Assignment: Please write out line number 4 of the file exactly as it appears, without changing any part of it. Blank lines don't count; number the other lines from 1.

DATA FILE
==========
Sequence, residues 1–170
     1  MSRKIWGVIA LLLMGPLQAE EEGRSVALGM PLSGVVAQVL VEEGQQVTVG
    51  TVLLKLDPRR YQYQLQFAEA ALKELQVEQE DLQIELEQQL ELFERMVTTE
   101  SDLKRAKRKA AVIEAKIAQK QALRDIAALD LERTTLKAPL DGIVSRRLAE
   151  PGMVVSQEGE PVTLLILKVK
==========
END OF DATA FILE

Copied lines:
   101  SDLKRAKRKA AVIEAKIAQK QALRDIAALD LERTTLKAPL DGIVSRRLAE